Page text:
If indeed respondent Sheriff is dedicated in his work, respondent Sheriff could have chosen to stop the carting away of the valuable properties of judgment debtor for the very purpose of levying it and for the purpose of complying with the Order.
If the arguments of respondent Sheriff will be sustained, all judgment debtors can easily circumvent the orders of the court by carting away their properties thinking that sheriffs have no authority to stop them. This line of thinking and reasoning will create chaos and instability in the administration of justice.
Furthermore, respondent Sheriff exhibited an utter disregard of what is incumbent upon him when he failed to inform the complainant that in order to levy properties of the defendant on the second floor of the establishment, a special order of the court is necessary to force or break-open the closed door in accordance with Section 14, Rule 39 of the Rules of Court. The respondent Sheriff's duty was apparent but he did not comply with it as he should have. The attack on the complainant's moral character was not necessary in this case, as it would not justify the non-performance of his duties.
When a writ is placed in the hands of a sheriff, it is his duty, in the absence of instructions, to proceed with reasonable celerity and promptness to execute it according to its mandate. He has no discretion whether to execute it or not (Young vs. Momblan, A.M. No. P-89-367, 9 January 1992, Second Division, Melencio-Herrera, J.). nadchanroblesvirtuallawlibrary
Indeed, as clearly stated in the Manual for Clerks of Court, a sheriff, to whom a valid writ or process is delivered to be levied upon a property within his jurisdiction, is liable to the person in whose favor the process or writ runs if he fails to make a levy upon property owned by the judgment debtor within his jurisdiction and by reason thereof the judgment creditor is injured. It is not dependent upon intentional wrong or negligent omission to seize property of judgment debtor. 7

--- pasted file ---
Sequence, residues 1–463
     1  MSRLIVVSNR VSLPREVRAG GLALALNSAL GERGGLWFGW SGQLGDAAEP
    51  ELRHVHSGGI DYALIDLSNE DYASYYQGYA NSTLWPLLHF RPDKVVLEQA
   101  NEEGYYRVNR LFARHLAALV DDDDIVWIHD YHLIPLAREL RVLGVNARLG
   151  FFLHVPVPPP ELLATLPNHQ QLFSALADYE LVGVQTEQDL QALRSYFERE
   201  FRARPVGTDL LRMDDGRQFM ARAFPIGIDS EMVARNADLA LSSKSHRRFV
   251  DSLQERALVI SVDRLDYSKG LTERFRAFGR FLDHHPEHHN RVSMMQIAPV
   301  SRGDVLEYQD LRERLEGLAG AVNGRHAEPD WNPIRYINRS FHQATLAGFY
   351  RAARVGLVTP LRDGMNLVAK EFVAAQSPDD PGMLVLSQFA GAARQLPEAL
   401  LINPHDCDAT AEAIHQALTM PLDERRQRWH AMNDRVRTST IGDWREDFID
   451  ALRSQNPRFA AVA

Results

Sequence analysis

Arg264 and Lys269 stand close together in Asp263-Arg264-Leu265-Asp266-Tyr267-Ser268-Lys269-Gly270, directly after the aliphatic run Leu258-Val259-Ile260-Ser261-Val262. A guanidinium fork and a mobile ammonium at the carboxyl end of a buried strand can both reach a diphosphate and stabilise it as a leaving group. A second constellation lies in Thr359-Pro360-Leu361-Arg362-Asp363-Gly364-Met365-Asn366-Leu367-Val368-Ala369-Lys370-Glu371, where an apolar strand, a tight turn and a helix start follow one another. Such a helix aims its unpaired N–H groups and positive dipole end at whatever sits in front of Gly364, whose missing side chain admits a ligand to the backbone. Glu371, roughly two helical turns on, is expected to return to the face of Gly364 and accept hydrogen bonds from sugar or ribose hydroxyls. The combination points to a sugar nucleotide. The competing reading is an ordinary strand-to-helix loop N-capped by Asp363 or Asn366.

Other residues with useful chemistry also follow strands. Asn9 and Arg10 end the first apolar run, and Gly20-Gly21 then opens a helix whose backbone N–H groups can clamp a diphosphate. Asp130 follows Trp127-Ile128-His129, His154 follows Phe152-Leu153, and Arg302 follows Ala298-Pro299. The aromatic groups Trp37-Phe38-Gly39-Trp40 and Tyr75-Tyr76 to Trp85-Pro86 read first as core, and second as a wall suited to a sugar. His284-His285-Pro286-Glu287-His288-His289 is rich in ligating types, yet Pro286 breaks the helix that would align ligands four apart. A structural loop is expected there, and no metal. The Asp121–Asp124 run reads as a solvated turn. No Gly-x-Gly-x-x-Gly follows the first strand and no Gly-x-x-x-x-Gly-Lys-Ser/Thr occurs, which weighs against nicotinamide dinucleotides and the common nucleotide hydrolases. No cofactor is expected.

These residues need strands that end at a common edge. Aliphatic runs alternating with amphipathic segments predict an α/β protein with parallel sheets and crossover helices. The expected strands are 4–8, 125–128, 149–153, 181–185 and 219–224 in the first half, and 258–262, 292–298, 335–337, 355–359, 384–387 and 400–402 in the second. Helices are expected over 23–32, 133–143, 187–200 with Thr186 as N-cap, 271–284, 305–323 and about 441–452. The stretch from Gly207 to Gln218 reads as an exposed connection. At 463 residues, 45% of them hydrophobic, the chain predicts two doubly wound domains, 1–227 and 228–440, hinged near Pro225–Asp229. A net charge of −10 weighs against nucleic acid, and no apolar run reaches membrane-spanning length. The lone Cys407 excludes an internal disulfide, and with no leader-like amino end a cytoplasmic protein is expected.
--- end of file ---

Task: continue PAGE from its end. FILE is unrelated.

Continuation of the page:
In Eduarte v. Ramos 8 we said:nadchanroblesvirtualawlibrary
Respondent ought to have known the correct procedure to be followed in order to ensure proper administration of justice, especially in its concluding stage. He failed to observe that degree of dedication to the duties and responsibilities required of him as a sheriff. He is bound to discharge his duties with prudence, caution and attention which careful men usually exercise in the management of their affairs. The sheriff, an officer of the court upon whom the execution of a final judgment depends, must be circumspect and proper in his behavior. Execution is the fruit and end of the suit and is the life of the law.
In the case at bar, it is not that respondent did not know what he should do, given the problem that he was confronted with. In his answer 9 respondent tried to excuse himself from what was his duty, claiming that he did not force his way into the second floor where the judgment debtors resided because a special court order was needed to enable him to do this. Knowing this to be the case, it was hi duty to see to it that such an order was secured from the court.
The fact is that he has shown himself to be less than energetic and zealous in the performance of his duty. His lackadaisical attitude betrays his inefficiency and incompetence which in accordance with Sec. 46 (b)(8) of the Civil Service Law is a ground for disciplinary action. 10
WHEREFORE, a FINE of P2,000.00 is hereby imposed on Deputy Sheriff Honesto G. Fabre, with a STERN WARNING that a repetition of the same or of any act calling for disciplinary action will be dealt with more severely.
, Bidin, Regalado and Puno, JJ.
1. TSN, Jan. 15, 1993. p. 11.
2. Ibid, pp. 13-14; Records, Annex A, p. 22.
3. Records, Annexes A to Q, pp. 22-38.
4. TSN, Mar. 16, 1993, pp. 9-11; Records, Exh. 1, pp. 162-163.
5. Records, Exh. 2, p. 164.
6. Records, Exh. 3, p. 165.
7. MANUAL FOR CLERKS OF COURT, p. 179, citing 47 AM. JUR. 856.
8. A.M. No. P-94-1069, Nov. 9, 1994.
9. Rollo, p. 50.
10. Sec. 46. Discipline: General Provisions. No officer or employee in the Civil Service shall be suspended or dismissed except for cause as provided by law and after due process.
(b) The following shall be grounds for disciplinary action:nadchanroblesvirtualawlibrary
. . . .
(8) Inefficiency and incompetence in the performance of official duties;